Non-English Speaking Mother Separated from Child: The Tragedy of Mixed-Status Families

Written by on August 28, 2009 in Integration, Legislation, Reform with 3 Comments
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Photo by Crazybananas.

A recent article on TIME.com follows the story of a young undocumented mother from Oaxaca, Mexico, whose baby, born in the United States, was taken away by the state of Mississippi because she “doesn’t speak English.” According to the article, the mother was allegedly deemed unfit “in part because her lack of English placed her baby in danger.” Putting aside your stance on immigration and ignoring obvious human rights violations, this story smacks of irony—the removal of a child by a country that seemingly prizes “American values”—and is indicative of our woefully broken immigration system.

Cirila Baltazar Cruz speaks Chatino—the language of the Chatino Indians of Oaxaca, Mexico—a little Spanish and no English. When she gave birth to a baby girl, Rubí, at Singing River Hospital in Pascagoula, Mississippi however, the hospital deemed Cruz unfit and called the Department of Human Services, who took away the child. Advocates now fighting on Cruz’s behalf allege that the problem “sprang from faulty translation” at the hospital, where employees opted to use an American of Puerto Rican descent who spoke no Chatino as a translator instead of Cruz’s Chatino-speaking relative who was also present.

Cruz is now in deportation proceedings and her daughter is in the arms of a local couple. The Mississippi Immigrants Rights Alliance (MIRA) and the Southern Poverty Law Center (SPLC) have taken up Cruz’s case. Although the judge has placed a gag order on the case, SPLC’s legal director, Mary Bauer, spoke generally about the issues involved, stating:

Any notion that a mother can lose custody of a child because she doesn’t speak a particular language is a fundamentally outrageous violation of human rights. Children have been raised safely in the U.S. by non-English-speaking parents for well over a century. Had they not, thousands of Italians and Russians would have had to leave their kids with foster care on Ellis Island. Raising your child is one of the most fundamental liberties, and it can only be taken from you for the most serious concerns of endangerment. Not speaking English hardly meets that standard.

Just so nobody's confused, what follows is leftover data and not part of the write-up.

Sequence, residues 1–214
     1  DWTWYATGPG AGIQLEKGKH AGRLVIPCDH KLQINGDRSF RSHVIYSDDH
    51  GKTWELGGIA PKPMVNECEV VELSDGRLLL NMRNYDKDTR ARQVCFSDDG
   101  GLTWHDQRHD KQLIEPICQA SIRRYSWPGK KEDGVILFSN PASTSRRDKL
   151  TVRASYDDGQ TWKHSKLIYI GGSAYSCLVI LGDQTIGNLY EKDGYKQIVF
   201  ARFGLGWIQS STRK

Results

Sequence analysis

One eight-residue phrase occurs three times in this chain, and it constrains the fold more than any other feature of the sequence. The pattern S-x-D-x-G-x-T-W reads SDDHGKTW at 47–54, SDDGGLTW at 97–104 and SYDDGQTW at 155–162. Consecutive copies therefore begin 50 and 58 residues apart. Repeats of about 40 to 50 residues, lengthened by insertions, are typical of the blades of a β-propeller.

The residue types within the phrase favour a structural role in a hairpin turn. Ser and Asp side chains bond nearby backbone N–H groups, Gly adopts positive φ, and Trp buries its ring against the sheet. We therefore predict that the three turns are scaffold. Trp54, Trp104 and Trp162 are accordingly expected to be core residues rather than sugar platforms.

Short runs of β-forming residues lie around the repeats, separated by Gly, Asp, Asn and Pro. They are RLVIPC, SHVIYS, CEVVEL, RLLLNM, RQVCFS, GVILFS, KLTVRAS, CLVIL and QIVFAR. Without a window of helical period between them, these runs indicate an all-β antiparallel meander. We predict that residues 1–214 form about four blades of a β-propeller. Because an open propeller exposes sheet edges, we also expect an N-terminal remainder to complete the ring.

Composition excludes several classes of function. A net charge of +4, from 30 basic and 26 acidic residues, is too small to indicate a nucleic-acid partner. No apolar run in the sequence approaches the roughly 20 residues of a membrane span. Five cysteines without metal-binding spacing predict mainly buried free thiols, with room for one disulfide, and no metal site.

The Department of Human Services and Singing River Hospital rebutted the claim, insisting there are “other factors” that led to the child’s removal.

Since “she has failed to learn the English language,” the newspaper quotes the documents as saying, she was “unable to call for assistance for transportation to the hospital” to give birth. (Before giving birth, Cruz apparently flagged down a police officer on a city street who escorted her to the hospital.) The social-services translator also reported that Baltazar Cruz had put Rubí in danger because she “had not brought a cradle, clothes or baby formula.” But indigenous Oaxacan mothers traditionally breast feed their babies for a year and rarely use bassinets, carrying their infants instead in a rebozo, a type of sling.

So if language wasn’t an issue, then what was? The mother’s undocumented status? The cultural/regional nuances of motherhood and child rearing? This heart-wrenching story is more than just a battle over the rights of non-English speaking parents. It’s also a reminder that our broken immigration system often separates families—from the deportation of undocumented parents with US-citizen children to the isolation of children languishing in immigration detention centers.

According to the Pew Research Center, the number of U.S.-born children in mixed-status families (unauthorized immigrant parents and citizen children) has expanded rapidly in recent years, to 4 million in 2008 from 2.7 million in 2003. Of those children, roughly 108,434 parents of said U.S.-citizen children were deported from 1998 to 2007, according to another study. In most cases, immigration judges have no authority in deportation proceedings to consider the impact of removal on of U.S. citizen children, further exacerbating the tension between supposed family-values and the realities of our immigration system.

Is this really our “American values” at work? Although the Department of Homeland Security and President Obama have made strides to reform certain aspects of our broken immigration system, until our entire immigration system is overhauled, we will continue to see examples of mixed status families torn apart.

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